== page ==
DACHAU, GERMANY. When your hotel is just around the corner of the Hauptbahnhof, itchiness to travel far constantly get to you. It is a nice and cold winter morning when we thought of going to Dachau. A 30-minute ride through S-bahn from the city center, this charming little town in Upper Bavaria is a popular residential area to those working in Munich and a popular attraction for the tourists because of its proximity to the infamous Dachau Concentration Camp.
The train station to remember is Dachau; self-explanatory, yes, but it somehow presented to us a moment of confusion still. Nonetheless, the confusion wore on fast and we easily got back on our supposed track. We alighted the S2 train from Munich and saw immediately how quaint this little town is. I know that the word "quaint" is getting too used up already by me but the word just perfectly encapsulates what I think the towns and cities in Europe look and feel like when dressed in white snow.
Approaching the bus station near the bright orange building which we saw from the platform of the station, we saw that only a few people were waiting for their buses to arrive which can be attributed from the post-holiday high or from it being just a small town with a small population. Different numbered buses arrive by the minute in the station with a predetermined destination but if Dachau Concentration Camp is what you have in mind, you only have to look out for buses #724 or #726 as they stop directly in front of the Dachau Memorial Site. If riding in a bus is not your cup of tea, you also have the option to rent a cab which you can also grab near the bus station or you could just walk a good 35-minute walk towards the site.
Do not ever get worried about missing your stop as you may constantly check where you already are and how far you still are from your departing point through a monitor perched in front of the bus. If you still want to be sure though, the ride would take you to the Dachau Memorial Site in approximately 15 to 20 minutes, occasional stops included.
Roaming around the site is of free charge so you can go directly to the memorial site and find your way around there. Information boards are placed in strategic points along the walkway and all over the grounds to guide you and give you a basic idea on what you are looking at or what it was you are standing on. But if you want more in depth knowledge about the place, you may book a guided tour, or rent an audioguide, if you want to do things at your own pace.
More than the look, the aura or ambiance is what I usually notice first when I arrive at a new place. Dachau Memorial Site gave me an impalpable heavy feeling; one that could not be easily dismissed however one tries to make it go away. We rented an audioguide and off we discovered more and more about the former Nazi concentration camp. The narrations started lightly, but as the stories went on, the earth-shattering and depressing reality about the camp's existence and wrongdoings unfolded bit by bit. The feeling got heavier with each step and turn. Each word heard from the portable medium became a lightning rod through the heart. One does not have to be a genius to see and feel that almost all of the sufferings of the world converged in these camps: deprivation, loss of one's self, death, abuse and hopelessness were everyday norms. I know it had been years already since these things happened but the place still induced a sense of fear; roaming around still scared the hell out of me.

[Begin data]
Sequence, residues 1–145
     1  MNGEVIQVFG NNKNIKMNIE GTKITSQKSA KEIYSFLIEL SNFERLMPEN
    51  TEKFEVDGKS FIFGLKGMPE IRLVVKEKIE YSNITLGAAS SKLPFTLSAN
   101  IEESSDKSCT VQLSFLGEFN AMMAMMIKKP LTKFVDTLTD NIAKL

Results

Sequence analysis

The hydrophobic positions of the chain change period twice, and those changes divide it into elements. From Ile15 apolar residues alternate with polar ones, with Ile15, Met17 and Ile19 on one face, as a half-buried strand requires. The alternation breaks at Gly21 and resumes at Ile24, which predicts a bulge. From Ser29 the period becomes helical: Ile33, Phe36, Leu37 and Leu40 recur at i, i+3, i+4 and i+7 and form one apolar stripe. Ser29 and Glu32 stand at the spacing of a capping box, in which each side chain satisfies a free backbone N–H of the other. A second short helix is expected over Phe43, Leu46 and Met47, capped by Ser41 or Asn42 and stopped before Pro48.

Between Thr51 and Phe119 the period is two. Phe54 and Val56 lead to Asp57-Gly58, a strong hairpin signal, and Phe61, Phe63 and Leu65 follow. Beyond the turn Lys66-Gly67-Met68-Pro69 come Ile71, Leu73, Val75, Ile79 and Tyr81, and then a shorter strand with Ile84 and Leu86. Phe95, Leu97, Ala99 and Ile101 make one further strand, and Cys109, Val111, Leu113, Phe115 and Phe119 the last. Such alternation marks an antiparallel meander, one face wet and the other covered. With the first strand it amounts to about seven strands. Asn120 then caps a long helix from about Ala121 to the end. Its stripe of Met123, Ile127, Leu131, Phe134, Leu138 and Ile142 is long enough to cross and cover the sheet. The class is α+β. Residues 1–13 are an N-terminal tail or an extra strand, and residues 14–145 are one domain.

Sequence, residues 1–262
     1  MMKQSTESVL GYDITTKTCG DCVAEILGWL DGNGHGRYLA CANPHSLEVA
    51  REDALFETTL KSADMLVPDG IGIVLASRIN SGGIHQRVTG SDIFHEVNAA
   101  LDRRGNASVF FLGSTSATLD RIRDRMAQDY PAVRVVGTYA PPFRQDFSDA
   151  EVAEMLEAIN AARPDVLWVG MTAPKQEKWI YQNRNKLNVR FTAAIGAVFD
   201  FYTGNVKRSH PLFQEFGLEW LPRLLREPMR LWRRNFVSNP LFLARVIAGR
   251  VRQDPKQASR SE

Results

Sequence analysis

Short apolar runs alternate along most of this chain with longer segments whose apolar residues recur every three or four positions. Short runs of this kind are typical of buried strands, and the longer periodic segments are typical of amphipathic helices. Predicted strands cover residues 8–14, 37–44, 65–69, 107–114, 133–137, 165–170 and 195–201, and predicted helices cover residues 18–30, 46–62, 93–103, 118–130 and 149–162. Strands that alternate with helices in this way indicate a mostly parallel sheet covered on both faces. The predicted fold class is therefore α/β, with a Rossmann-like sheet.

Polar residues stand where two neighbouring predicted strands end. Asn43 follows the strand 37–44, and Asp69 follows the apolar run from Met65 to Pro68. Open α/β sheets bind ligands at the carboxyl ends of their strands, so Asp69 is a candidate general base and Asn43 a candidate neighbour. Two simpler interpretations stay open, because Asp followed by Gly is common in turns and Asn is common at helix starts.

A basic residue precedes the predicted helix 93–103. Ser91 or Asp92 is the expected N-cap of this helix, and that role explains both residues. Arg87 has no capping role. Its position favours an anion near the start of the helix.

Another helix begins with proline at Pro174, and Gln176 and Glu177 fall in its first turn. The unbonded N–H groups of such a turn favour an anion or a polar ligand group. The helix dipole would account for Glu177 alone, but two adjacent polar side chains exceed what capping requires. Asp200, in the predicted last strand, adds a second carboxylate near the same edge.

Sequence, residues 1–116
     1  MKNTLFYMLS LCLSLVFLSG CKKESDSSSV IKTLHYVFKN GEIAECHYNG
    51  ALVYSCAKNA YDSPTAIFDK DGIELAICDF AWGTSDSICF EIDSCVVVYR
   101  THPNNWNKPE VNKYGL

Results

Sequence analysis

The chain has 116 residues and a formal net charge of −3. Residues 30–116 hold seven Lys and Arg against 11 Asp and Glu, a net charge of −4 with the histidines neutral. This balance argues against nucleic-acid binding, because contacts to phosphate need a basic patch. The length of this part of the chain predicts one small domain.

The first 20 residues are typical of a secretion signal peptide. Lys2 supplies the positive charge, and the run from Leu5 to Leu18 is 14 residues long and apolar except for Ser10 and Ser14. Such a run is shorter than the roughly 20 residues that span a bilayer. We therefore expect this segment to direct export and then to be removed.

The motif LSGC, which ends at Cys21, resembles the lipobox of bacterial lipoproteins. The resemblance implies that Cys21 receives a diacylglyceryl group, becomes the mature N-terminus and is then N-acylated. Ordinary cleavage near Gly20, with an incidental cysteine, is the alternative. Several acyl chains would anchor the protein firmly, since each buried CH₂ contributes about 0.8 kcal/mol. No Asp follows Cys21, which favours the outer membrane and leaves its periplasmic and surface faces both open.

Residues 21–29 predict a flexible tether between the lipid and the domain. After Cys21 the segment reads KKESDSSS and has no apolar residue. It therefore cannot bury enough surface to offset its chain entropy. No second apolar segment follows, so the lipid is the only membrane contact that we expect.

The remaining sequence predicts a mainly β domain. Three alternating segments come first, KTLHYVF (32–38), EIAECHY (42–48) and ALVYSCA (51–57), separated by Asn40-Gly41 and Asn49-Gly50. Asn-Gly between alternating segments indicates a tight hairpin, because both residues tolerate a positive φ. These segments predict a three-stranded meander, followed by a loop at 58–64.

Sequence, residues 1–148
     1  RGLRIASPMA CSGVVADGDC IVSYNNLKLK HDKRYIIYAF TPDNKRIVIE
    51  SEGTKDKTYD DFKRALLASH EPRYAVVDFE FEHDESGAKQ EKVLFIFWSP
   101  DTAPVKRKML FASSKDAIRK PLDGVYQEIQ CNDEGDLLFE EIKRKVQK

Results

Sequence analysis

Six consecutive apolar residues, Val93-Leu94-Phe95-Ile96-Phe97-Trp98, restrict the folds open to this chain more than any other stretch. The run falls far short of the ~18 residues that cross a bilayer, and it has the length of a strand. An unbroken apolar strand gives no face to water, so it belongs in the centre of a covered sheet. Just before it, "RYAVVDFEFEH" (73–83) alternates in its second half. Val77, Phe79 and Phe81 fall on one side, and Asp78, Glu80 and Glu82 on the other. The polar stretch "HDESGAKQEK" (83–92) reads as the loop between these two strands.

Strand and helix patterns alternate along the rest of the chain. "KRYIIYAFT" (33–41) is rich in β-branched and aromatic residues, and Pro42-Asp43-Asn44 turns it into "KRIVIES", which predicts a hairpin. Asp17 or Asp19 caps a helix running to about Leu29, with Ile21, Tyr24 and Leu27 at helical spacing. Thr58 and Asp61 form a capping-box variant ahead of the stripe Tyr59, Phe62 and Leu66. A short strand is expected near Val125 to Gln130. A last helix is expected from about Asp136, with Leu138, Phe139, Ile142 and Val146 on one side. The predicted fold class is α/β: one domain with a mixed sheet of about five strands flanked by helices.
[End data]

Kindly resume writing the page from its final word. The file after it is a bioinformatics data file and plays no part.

The prisoners' accounts displayed in the museum say it all. Their stories gave you idea of the things they went through during those times. The mini films and movies gave you more glimpse and the more that I know, the more I die inside. Their sufferings make you silent. The pictures were hard to look at, accounts hard to read but I know that I have to. One could not fathom the cruelty, but the sad truth is that it happened and to commemorate was the only thing that I felt I could do for them.
The grounds were now serene and beautiful but it still can't hide the stench it possesses. We went away with more knowledge but with a heavy heart; a heavy heart that prompted me to utter a prayer to Him, thankful that the senselessness of the Nazi occupation had already ended and is now just a memory; a ghost of the past.